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Online Discussion: Tracking new emerging diseases and the next pandemic; Now tracking the Aussie Flu.

Zikavirus and Guillain-Barré-Syndrom

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Dutch Josh View Drop Down
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Post Options Post Options   Thanks (0) Thanks(0)   Quote Dutch Josh Quote  Post ReplyReply Direct Link To This Post Topic: Zikavirus and Guillain-BarrĂ©-Syndrom
    Posted: February 09 2016 at 6:03am
http://time.com/4209612/zika-guillain-barre-syndrome-cdc/

The Brazil Ministry of Health has reported higher than normal cases of GBS, which kicked off the investigation. Some experts knew that amid a Zika outbreak, they should be on the lookout for GBS. Dr. James Sejvar, a neuroepidemiologist at the CDC, told TIME in an interview that back in 2013, the CDC and other public health groups like the World Health Organization started hearing reports of Zika in the South Pacific. In French Polynesia, Sevjar said, clinicians were also seeing an uptick in GBS cases.

The findings are still preliminary, but so far, Sejvar said researchers have observed an interesting pattern. Typically, the incidence of GBS increases with age. While the disorder is rare on its own, it’s especially rare among people in their 20’s and 30’s and is more common among people in their 60’s and 70’s. But what experts are seeing is unusual. “One thing that has struck us is the cases have tended to be disproportionally young and relatively healthy,” Sejvar said. “We are seeing quite a few 20, 30, 40 year olds who are otherwise healthy.”

In addition, the cases appear particularly severe. “Over time people often get better, but one thing that we have noticed is that even among otherwise healthy people, six months later they are still having neurological problems,” Sejvar said. “Some can’t go to work or need help with daily activities. That’s something we found peculiar.”

Que sera, sera, Whatever will be, will be, The future is not ours to see, Que sera, sera !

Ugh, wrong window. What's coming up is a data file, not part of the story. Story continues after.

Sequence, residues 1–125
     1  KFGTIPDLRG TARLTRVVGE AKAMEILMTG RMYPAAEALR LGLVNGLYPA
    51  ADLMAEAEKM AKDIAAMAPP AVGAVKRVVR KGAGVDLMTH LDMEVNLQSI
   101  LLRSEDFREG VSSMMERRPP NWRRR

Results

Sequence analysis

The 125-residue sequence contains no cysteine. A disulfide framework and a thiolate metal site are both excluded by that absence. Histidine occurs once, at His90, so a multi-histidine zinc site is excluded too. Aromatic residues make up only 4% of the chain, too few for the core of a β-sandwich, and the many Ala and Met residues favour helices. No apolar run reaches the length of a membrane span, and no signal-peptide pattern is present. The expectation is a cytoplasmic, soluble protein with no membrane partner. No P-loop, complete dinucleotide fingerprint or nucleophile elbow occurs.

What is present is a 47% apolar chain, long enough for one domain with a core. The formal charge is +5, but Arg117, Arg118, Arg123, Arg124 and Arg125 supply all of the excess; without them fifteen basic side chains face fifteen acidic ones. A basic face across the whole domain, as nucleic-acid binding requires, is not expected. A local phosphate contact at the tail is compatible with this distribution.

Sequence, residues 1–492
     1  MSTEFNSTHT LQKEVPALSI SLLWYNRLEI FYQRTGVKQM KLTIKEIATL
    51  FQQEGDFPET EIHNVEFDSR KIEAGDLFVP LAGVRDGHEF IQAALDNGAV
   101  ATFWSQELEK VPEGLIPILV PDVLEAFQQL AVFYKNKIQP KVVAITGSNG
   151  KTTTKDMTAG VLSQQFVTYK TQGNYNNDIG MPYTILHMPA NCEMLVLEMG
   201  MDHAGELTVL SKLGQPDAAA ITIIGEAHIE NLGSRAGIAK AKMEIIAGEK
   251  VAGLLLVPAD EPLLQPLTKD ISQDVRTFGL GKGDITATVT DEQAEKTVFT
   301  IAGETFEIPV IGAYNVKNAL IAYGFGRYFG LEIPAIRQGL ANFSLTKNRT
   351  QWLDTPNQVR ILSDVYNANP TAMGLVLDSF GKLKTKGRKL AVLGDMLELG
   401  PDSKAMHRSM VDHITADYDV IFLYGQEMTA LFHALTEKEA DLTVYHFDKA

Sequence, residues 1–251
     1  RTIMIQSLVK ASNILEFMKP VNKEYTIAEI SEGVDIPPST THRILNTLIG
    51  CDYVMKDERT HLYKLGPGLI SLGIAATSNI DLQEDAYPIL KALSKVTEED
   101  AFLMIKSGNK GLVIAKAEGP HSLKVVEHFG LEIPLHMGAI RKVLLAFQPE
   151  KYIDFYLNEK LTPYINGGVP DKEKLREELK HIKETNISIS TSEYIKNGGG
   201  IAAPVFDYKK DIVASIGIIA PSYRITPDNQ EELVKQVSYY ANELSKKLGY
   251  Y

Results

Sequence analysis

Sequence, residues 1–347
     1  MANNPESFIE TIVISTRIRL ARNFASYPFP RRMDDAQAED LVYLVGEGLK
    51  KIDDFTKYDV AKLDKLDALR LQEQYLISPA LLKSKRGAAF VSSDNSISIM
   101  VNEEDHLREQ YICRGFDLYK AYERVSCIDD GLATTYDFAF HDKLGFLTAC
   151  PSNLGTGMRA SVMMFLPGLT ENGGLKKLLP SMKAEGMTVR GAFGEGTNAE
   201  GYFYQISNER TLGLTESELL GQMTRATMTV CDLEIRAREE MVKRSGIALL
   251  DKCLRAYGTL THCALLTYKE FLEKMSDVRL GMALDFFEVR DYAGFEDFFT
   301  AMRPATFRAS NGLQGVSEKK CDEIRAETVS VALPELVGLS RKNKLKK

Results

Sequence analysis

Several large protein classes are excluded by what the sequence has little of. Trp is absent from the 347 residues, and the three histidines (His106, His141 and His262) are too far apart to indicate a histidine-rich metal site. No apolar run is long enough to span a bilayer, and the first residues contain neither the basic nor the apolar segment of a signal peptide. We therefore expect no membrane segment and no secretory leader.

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Dutch Josh View Drop Down
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Post Options Post Options   Thanks (1) Thanks(1)   Quote Dutch Josh Quote  Post ReplyReply Direct Link To This Post Posted: February 09 2016 at 6:08am
Or is GBS related to pesticides used against the mosquitoes ? 

http://www.ncbi.nlm.nih.gov/pubmed/16599005

2004 Nov;59(11):575-80.

Guillain-Barre syndrome in a rural farming district in South Africa: a possible relationship to environmental organophosphate exposure.

Abstract

Although organophosphate (OP) insecticides have been recognized as having neuropathic potential, a relationship with Guillain-Barre syndrome (GBS) has not been previously confirmed. A cluster of 7 cases of GBS was noted over an 11-yr period in an isolated farming region in the Northern Cape Province of South Africa, an area subject to intensive aerial application of OP insecticides. Observed cases were more than 4 times higher than expected based on a Poisson probability distribution. Four cases were clustered in an area where the topography showed a marked hollow, and where spray drift of aerial OP insecticides was anticipated. The rate of GBS in this subcluster was more than 14 times higher than expected. The authors explored the hypothesis that aerial OP insecticide application was related to the raised incidence of GBS in this area and made suggestions for future research.

Que sera, sera, Whatever will be, will be, The future is not ours to see, Que sera, sera !